When Paul LaCelle first recruited me to Rochester, he provided me with far more support than a lowly postdoc had any right to expect. Then he insisted that I publish independently of him, sacrificing his own career in favor of mine. This sort of thing happened over and over again, not just in my own experience, but for many others.
A Medical Center faculty member for more than 40 years, Paul was always more interested in helping someone else succeed than in seeking accolades for himself. He died March 9 at age 82.
Paul was enormously talented intellectually, but so humble that you hardly knew it. One of the early pioneers in trying to understand the role of blood cell deformability in clinical pathology, he was interested not just in the biophysical properties of the cells, although he was a great fan of physics and physicists in general. Rather, he focused on the role that mechanics played in the pathophysiology of diseases related to red cell and white cell abnormalities, and how these abnormalities got in the way of blood flow and oxygen delivery.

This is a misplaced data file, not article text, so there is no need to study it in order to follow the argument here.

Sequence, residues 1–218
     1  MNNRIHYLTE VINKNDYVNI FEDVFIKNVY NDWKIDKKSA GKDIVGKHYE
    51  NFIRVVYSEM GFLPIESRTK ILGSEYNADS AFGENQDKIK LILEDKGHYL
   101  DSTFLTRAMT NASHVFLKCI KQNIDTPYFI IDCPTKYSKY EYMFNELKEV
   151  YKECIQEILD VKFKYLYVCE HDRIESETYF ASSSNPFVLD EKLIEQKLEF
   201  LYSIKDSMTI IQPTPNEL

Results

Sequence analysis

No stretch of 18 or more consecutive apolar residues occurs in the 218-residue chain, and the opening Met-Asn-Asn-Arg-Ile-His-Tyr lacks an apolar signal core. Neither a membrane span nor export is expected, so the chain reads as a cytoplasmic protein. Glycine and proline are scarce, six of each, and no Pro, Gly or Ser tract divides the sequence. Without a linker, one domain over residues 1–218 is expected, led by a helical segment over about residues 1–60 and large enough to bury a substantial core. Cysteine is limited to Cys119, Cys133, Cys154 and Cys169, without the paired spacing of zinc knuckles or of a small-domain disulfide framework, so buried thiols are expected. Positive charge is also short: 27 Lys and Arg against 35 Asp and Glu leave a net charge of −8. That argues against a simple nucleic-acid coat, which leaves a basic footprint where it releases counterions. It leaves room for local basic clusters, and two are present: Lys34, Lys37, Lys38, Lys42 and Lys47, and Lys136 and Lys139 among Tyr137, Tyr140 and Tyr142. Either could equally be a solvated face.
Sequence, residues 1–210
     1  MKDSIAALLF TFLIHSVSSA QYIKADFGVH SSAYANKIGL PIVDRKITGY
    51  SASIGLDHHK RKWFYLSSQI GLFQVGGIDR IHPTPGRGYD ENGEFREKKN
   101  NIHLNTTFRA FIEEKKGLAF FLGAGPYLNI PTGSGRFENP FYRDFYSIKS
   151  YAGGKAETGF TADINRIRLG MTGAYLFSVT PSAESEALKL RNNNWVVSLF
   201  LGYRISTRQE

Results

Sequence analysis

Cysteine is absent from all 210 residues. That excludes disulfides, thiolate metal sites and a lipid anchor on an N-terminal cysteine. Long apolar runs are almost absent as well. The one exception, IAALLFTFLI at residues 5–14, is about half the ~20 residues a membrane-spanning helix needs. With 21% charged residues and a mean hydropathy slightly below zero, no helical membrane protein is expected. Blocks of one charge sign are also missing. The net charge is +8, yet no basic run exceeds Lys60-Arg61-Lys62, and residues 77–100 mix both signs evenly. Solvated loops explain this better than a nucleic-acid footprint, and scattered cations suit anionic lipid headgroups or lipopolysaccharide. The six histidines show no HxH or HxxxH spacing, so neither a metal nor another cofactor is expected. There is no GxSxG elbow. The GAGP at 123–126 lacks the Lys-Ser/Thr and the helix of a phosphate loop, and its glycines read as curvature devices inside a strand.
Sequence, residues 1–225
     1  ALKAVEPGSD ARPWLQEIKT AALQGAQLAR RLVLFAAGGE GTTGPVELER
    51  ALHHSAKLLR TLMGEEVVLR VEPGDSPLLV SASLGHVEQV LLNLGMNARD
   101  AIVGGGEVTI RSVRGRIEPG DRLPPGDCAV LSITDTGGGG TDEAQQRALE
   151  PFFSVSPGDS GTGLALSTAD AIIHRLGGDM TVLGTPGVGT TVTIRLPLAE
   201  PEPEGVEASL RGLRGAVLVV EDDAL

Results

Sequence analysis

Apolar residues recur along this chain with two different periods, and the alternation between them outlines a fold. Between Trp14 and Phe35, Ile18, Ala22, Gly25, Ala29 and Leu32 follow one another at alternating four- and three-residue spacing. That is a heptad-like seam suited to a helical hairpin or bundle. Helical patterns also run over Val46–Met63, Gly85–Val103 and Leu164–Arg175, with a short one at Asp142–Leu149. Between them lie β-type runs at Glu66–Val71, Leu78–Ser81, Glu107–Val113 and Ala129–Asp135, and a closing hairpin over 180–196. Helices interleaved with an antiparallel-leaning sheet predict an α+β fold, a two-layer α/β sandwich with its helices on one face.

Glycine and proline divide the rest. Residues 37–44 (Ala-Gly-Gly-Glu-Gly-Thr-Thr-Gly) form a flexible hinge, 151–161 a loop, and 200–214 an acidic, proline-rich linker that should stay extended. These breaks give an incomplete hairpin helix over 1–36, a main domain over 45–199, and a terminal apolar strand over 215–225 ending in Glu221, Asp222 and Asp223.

In the latter part of his career, his main focus was administration, and he led the Department of Biophysics through a number of difficult but important transitions through the 1980s and 1990s. Later he contributed to the University as associate dean for graduate education in the medical school, a role where he had the opportunity to indulge his passion for fostering and promoting the careers of young scientists.
Paul had a great laconic wit. On one occasion (it must have been a particularly bad day in the chairman’s office) he advised me, “If you ever think about becoming a chairman, you should take three months off and get some therapy.” Even in the last stages of his illness, reflecting on careers, he commented, “It’s good to either contribute or make trouble.”
His passion for excellence and the attention and care he gave to those around him made him a truly exceptional individual, one who contributed a great deal to the University and to the community at large.
I owe him a great debt personally, and we all miss him dearly.
Waugh is professor and chair of biomedical engineering; professor of biochemistry and biophysics; and professor of pharmacology and physiology.